There is a case where no critical problem occurs for the continuation of operation of the gas insulated apparatus 1 even though foreign matter 30 exists, depending on the magnitude of the impressed or applied voltage. Therefore, the magnitude of the impressed voltage resulting in earthling, that is, flashover voltages VOF1, VOF2 is estimated. Here, VOF1 is the flashover voltage when the commercial frequency is impressed. VOF2 is the flashover voltage when an impulse-like voltage is impressed or applied VOF2. Since the length of the foreign matter 30 is known, VOF1, VOF2 can be estimated from the relation between the length of the foreign matter 30 and the flashover voltage VOF1', VOF21.
If the value VOF1 is smaller than the product of the rated voltage Vt of the gas insulated apparatus 1 by the safety ratio k1, that is, if the flashover voltage VOF1 and the rated voltage Vt are approximately, the stop page processing of the gas insulated apparatus such as cut-off of the breaker is conducted. If the flashover voltage VOF1 is greater than the rated voltage Vt even when the safety ratio k1 is taken into consideration, the following processing is conducted.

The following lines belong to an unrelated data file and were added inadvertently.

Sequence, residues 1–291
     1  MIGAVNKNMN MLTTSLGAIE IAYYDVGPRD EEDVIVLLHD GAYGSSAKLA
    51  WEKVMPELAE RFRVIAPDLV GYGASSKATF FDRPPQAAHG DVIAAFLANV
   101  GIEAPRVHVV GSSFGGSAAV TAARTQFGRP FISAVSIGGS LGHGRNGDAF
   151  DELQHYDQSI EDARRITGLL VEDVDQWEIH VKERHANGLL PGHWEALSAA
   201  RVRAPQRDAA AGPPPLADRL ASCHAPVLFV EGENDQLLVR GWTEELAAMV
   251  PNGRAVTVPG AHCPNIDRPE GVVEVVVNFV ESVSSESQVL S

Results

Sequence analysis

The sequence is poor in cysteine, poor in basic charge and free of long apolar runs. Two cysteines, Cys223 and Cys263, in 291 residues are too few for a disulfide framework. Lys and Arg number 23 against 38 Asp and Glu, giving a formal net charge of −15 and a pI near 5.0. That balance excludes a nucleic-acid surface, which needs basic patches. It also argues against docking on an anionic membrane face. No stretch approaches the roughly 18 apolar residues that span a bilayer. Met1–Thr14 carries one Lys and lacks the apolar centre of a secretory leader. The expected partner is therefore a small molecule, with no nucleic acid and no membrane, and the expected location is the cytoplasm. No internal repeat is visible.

The comparison portion of VOF2 and k2 ·Vim checks the possibility of occurrence of earthing due to the rise of the impressed voltage of the gas insulation apparatus 1 resulting from a lightning stroke. VOF2 is the impulse-like flashover voltage, k2 is the safety ratio in that case and Vim the peak value of the impulse-like voltage anticipated by the lightning stroke. Vim is determined empirically by the voltage change of the gas insulated apparatus 1 at that position in the past due to a lightning stroke, the voltage change of other facilities due to the lightning stroke, and the like. When k2 ·Vim is smaller than VOF2 or, in other words, when earthing is not judged to occur even if the lightning stroke occurs, safety is displayed by adding the information such as the position and weight of the foreign matter. In the opposite case or if there is the possibility of earthing due to the lightning stroke, caution is displayed by adding the information such as the position and weight of the foreign matter, and the like. In this case, the information on the judgement result is sent to the collective judgement unit with the external information. When foreign matter 30 is detected, the repair method is selected and the repair cost is calculated even though the foreign matter 30 does not always result in earthling.